With a ranking as one of the top ten most popular sites on the internet, Reddit is undoubtedly an intriguing channel for advertising purposes.
However, the site can often seem intimidating, and perhaps even too random to create a cohesive advertising strategy. Plus, since its primary purpose is to expose viewers to the top-trending content of the moment, Reddit users are notoriously anti-marketing.
Regardless of its challenges, its potential advantages proved too good an opportunity to pass up. At HubSpot, we decided to implement a strategy to see for ourselves whether Reddit can serve as a promising channel for the future.
Here, learn what our team figured out about advertising on Reddit, and whether it's worth the attempt for your own company.
The Strategy Behind Reddit Advertising
1. Identify subreddit topics which are well-aligned with your target audience.
To investigate the benefits of advertising on Reddit, I first spoke with Josh Chang, a Senior Marketing Manager at HubSpot. He told me HubSpot's initial strategy on Reddit involved highly targeted campaigns on specific subreddits, including r/entrepreneur and r/sales.
"The goal of the campaign," Chang explained, "was to drive awareness and conversion for our products. In terms of results, we saw cost-per-acquisition similar to what we've achieved on Facebook in North America, although we did notice a lower activation rate from Reddit -- suggesting lower-quality conversions."
If you're interested in testing out a campaign for yourself, then, you'll want to start by identifying subreddits which can likely help foster genuine connections between your brand and your ideal audience. Consider topics your target audience is most interested in, and make a list. Then, narrow your list by investigating how many subscribers each subreddit topic has, whether it's relatively active, and whether self-promotion or sharing content is allowed on the subreddit topic.
Chang told me, "One of the main things we learned was targeting subreddits specifically was much more effective than broader interest targeting. However, this strategy requires a lot of research, and getting to know which subreddits are most relevant to your audience."
Additionally, Chang said, "We noticed tailoring our ad creative for individual subreddits helped improve our conversion rates."
2. Begin engaging with your subreddit communities.
Once you've cultivated a list of subreddits that are likely of interest to your target audience, it's time to start engaging with those subreddit communities.
However, it's critical you don't begin by promoting your own content.
To build a level of trust and authentic connection, begin by upvoting other submissions you find interesting and that align well with your brand. Next, share valuable content -- but not your own. Instead, post interesting content produced by other media outlets or blogs that you believe will be useful to your subreddit community.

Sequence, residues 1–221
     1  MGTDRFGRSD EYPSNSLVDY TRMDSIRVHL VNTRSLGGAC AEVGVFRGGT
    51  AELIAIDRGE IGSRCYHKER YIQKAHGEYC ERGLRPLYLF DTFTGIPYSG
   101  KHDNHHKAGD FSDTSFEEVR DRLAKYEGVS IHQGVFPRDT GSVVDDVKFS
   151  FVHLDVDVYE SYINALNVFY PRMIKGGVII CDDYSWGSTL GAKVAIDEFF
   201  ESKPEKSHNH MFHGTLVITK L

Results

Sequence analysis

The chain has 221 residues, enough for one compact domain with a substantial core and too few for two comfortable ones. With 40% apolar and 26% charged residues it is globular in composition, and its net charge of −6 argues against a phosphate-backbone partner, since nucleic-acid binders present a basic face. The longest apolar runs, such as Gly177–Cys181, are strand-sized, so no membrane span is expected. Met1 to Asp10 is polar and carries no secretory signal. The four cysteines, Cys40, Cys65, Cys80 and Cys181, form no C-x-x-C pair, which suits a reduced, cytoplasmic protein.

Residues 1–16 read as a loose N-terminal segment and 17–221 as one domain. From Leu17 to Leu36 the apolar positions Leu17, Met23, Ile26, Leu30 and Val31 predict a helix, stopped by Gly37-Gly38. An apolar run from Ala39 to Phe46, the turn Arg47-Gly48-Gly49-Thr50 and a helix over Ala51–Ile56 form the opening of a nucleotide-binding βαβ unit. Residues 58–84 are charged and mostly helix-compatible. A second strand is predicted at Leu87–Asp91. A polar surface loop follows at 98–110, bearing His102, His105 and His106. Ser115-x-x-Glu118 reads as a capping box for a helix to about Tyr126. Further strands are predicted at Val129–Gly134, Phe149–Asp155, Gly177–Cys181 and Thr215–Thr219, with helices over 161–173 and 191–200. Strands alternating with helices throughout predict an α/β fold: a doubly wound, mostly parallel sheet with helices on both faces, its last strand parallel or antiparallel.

It's vital you genuinely use the Reddit platform as an opportunity to get to know your target audience before you offer them your own content. Not only will this show your community you're not simply joining the site to self-promote, but it will also help you tailor your content more accurately down-the-road.
3. Begin promoting your own content, paid or otherwise, on the subreddit platforms.
At this point, you might consider simply posting valuable content from your company that you feel will benefit your community -- for free.
However, you might alternatively try spending money on a paid sponsored post, which essentially guarantees your post will be pinned to the top of the subreddit. Here's what a sponsored post looks like, for context:
In many ways, this post looks similar to all other Reddit content. However, there's a blue "Promoted" tag in the top left, signifying it's a paid ad.
In HubSpot's case, we decided to test out the power of paid advertising on the site. However, it's still critical you follow the steps listed above to cultivate authentic relationships with your subreddit communities.
Think of it this way -- if I begin engaging with a brand on one of the subreddit groups I've joined, and notice they typically post helpful content (including content from other publications), then I'm much more likely to take notice when they pay for a sponsored post. If they appear out of nowhere, I have no sense of brand awareness and probably won't trust the advertisement.
Additionally, Reddit FAQ states, "The Reddit Ads platform uses a second price auction based system, which means you pay a cent higher than the next highest bidder. Because we are using an auction based system, there is a risk of 20% over-delivery when setting up an individual campaign."
However, as of January 2019, Reddit changed their pricing model from CPM (cost-per-impression) bidding to CPC (cost-per-click). The CPC model will likely make it easier for brands to track conversion or traffic goals, and could result in changes in prices over time.
Advertising on Reddit: Worth it?
When I asked Chang whether he felt advertising on Reddit is a worthwhile investment, he offered a candid response, admitting HubSpot has temporarily halted its efforts on Reddit.
"We saw promising results," Chang told me, "But because we were targeting specific subreddits, it wasn’t crazy volume that could really move the needle. However, we have on our docket to re-test Reddit to see if we can improve performance and scalability in the future."
It's important to note, there have been success stories -- Findlay Hats, for instance, drove $28,000 in sales from one viral Reddit post.